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What did you see in your binoculars today?

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Old Saturday 4th May 2019, 10:51   #126
nkbj
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Yellowhammer in a late spring snowfall this morning... And a Red Kite hovering over my home in the afternoon sun.

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Old Monday 6th May 2019, 02:20   #127
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Black-throated blue, black-throated Green, yellow-throated, yellow-rumped, hooded, and Nashville warblers. Veery, wood, and Swainson's thrush. Scarlet Tanager. Ruby crowned kinglet. Warbling and red-eyed vireos. Spring migrants are here, particularly the earlier arriving ones.
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Old Wednesday 9th October 2019, 16:10   #128
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Quote:
Originally Posted by NDhunter View Post
I thought this was a good idea for a new thread on the binocular forum. Jerry
Still a good idea ... bump.

A day on the marsh today, too many to list, lots of nice Brent geese on the grazing, and waders in the margins. Weaver SS 8.5x45 today, so easy to handle and with a little extra reach.
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Old Thursday 13th February 2020, 18:49   #129
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A first sighting for me today of a long-tailed bushtit (Aegithalos caudatus):
http://wildpro.twycrosszoo.org/S/0Av...audatus_DT.jpg

I watched it with my Zeiss 10x42 as it was briefly feeding on a suet ball.

After a few months of seeing birds in my garden that I already knew - like great tits, blue tits, coal tits, greenfinch, chaffinch, robin, dunnock, wren, and several larger birds that interest me less - this little bird with the strikingly long tail and its rose-coloured side and shoulder plumage was quite an exciting discovery for me.
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Old Thursday 13th February 2020, 19:12   #130
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Egad, that is a sweet little bird.
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Old Thursday 13th February 2020, 22:56   #131
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Do beavers count? I've been watching a lodge for the last six months and it's interesting seeing how they alter the environment around them. They can be hard to spot because they spend so much time sitting in one place. My favourite moment all year was when I saw a blue heron grab something out of the water and immediately drop it, followed by a very indignant beaver surfacing a few feet away! At the moment I am mostly seeing mergansers and Canada geese, with occasional red-tailed hawks, turkey vultures, and belted kingfishers.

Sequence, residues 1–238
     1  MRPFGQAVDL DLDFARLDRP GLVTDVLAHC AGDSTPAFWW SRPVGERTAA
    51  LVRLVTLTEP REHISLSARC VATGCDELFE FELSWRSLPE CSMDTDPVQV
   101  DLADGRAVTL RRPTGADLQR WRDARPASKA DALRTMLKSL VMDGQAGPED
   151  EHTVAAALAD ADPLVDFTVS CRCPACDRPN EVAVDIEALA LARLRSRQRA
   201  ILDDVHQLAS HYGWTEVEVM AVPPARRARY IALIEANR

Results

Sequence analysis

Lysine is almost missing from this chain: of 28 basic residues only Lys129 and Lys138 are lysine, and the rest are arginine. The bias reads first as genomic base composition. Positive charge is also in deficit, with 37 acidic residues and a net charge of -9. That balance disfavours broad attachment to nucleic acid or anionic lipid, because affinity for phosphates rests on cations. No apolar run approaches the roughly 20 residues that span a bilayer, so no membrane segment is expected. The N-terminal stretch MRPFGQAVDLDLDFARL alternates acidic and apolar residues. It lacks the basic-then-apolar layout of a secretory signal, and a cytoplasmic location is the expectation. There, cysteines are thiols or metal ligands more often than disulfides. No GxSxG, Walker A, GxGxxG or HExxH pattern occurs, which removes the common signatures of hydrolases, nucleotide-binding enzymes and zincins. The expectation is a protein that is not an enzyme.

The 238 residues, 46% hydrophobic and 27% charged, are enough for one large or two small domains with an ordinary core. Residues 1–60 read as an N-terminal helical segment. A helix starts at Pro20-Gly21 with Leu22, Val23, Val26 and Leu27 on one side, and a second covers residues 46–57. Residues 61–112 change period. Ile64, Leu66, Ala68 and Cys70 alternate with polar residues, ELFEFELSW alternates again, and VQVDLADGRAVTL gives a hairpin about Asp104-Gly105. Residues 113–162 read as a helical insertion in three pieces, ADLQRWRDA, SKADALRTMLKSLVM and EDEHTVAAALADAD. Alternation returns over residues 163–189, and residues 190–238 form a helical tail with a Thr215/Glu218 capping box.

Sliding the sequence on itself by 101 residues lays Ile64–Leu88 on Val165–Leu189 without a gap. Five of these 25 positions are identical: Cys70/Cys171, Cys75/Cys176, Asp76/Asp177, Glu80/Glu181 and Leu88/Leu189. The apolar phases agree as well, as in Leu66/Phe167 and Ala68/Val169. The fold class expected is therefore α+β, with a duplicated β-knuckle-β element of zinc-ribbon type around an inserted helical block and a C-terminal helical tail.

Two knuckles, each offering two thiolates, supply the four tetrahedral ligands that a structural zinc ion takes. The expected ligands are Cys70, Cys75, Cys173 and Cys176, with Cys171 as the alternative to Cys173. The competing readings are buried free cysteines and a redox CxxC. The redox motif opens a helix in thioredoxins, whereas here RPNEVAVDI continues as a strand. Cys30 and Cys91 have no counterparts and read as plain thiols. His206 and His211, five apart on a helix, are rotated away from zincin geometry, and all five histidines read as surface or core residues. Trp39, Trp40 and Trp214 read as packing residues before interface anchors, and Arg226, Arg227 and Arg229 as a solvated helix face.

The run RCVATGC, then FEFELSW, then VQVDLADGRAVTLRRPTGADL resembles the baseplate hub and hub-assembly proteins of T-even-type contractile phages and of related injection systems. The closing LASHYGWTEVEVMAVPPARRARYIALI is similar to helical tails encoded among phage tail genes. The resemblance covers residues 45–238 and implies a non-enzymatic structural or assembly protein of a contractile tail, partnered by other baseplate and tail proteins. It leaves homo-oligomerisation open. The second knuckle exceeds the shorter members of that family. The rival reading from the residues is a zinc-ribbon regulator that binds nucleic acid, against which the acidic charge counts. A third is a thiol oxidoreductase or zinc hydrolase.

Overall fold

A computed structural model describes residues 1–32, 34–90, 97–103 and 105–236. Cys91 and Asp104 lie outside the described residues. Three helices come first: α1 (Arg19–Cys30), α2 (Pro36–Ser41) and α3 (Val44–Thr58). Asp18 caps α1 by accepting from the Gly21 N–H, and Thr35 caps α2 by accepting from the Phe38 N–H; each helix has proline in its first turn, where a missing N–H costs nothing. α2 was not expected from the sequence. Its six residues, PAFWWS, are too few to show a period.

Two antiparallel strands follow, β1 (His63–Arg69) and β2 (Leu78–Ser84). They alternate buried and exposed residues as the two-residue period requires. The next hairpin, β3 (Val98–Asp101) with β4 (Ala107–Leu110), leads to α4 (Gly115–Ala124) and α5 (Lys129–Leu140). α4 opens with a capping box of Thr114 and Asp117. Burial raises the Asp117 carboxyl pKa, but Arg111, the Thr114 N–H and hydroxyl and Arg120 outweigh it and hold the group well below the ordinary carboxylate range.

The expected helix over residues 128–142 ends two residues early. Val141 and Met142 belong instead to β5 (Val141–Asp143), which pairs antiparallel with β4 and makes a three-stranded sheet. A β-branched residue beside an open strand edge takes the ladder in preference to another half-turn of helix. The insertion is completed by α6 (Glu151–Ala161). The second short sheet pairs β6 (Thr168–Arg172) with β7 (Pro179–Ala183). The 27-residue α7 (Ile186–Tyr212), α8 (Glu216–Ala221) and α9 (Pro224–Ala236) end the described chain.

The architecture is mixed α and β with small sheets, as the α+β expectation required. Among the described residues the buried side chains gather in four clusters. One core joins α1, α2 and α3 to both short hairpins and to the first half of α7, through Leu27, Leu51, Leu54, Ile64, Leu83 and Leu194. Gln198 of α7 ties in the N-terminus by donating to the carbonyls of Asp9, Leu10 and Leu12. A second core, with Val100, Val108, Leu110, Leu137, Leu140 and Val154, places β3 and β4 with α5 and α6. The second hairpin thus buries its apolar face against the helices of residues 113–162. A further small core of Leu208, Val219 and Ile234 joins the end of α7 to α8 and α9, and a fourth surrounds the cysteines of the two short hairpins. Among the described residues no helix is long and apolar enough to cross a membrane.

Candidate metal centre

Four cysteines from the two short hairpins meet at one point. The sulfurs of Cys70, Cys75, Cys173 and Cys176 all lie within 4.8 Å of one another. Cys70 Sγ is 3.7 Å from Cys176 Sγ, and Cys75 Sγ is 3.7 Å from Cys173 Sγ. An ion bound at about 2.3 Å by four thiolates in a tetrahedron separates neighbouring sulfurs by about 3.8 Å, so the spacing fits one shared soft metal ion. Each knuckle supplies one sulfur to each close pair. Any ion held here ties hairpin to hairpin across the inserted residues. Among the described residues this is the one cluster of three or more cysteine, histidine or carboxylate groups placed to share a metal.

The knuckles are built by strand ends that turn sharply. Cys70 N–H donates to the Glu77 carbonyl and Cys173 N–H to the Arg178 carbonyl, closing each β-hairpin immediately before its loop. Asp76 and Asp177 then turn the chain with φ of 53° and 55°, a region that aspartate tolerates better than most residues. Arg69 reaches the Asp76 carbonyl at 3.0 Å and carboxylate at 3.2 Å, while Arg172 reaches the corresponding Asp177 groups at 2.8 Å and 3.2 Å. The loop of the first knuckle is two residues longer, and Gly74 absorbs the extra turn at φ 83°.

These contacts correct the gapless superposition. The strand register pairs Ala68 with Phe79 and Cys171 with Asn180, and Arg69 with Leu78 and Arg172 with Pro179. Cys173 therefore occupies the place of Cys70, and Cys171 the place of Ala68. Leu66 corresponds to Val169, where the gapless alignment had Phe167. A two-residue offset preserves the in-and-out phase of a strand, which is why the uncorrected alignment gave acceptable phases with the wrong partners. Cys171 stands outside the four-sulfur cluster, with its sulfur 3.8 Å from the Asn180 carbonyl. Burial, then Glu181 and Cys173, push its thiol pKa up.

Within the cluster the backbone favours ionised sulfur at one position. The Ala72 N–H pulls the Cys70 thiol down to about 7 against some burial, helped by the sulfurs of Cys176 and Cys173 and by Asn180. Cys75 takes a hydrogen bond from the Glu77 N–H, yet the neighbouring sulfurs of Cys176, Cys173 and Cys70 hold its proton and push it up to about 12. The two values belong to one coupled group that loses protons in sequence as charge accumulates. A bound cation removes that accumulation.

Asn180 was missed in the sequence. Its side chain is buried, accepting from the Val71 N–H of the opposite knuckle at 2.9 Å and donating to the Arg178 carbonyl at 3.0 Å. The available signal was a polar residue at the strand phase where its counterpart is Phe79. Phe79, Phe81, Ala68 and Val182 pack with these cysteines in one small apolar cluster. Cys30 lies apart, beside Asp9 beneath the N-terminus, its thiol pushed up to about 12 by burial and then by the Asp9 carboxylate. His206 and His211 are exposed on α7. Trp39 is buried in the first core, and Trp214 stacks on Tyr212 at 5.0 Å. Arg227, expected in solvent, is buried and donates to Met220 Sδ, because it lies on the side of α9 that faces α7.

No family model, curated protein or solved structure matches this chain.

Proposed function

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Old Saturday 15th February 2020, 02:34   #132
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For Binastro: Mercury seen from my office window, looking towards San Francisco. Clear night with lovely color gradients towards the horizon. I used a Swarovski 8x30b companion to verify, and then could spot it readily naked eye. About 8 above the horizon. Elusive little rascal.

-Bill
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Old Saturday 15th February 2020, 07:49   #133
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Quote:
Originally Posted by Mark9473 View Post
A first sighting for me today of a long-tailed bushtit (Aegithalos caudatus):
http://wildpro.twycrosszoo.org/S/0Av...audatus_DT.jpg

I watched it with my Zeiss 10x42 as it was briefly feeding on a suet ball.

After a few months of seeing birds in my garden that I already knew - like great tits, blue tits, coal tits, greenfinch, chaffinch, robin, dunnock, wren, and several larger birds that interest me less - this little bird with the strikingly long tail and its rose-coloured side and shoulder plumage was quite an exciting discovery for me.
These are daily visitors to our feeders, often 4 together, sometimes as many as 8, and they are the most delightful birds.

Lee
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Old Saturday 15th February 2020, 07:51   #134
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Originally Posted by wdc View Post
For Binastro: Mercury seen from my office window, looking towards San Francisco. Clear night with lovely color gradients towards the horizon. I used a Swarovski 8x30b companion to verify, and then could spot it readily naked eye. About 8 above the horizon. Elusive little rascal.

-Bill
Two nights ago and several nights before that: Venus as bright as a diamond in the west. Just stunning in the early evening.


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Old Saturday 15th February 2020, 14:28   #135
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A great spotted woodpecker. Flew away before I could bring my camera to bear,
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Old Saturday 15th February 2020, 15:10   #136
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A gGreat spotted woodpecker. Flew away before I could bring my camera to bear,
Spotted? Where are the spots? ;-)
Seriously, sometimes I am puzzled by the names given to creatures.
I still can't get over the Ring-necked duck. Show me the ring! Its about as evident as the pot of gold at the end of the rainbow. The white-collared duck, ok, but not the ring-neck.

Here's what I would call a properly spotted bird. Naturally it's name does not include that adjective. These are common around our neck of the woods. The Northern Flicker. Lots of red-shafted, but there are yellow-shafted intergrades to be seen as well.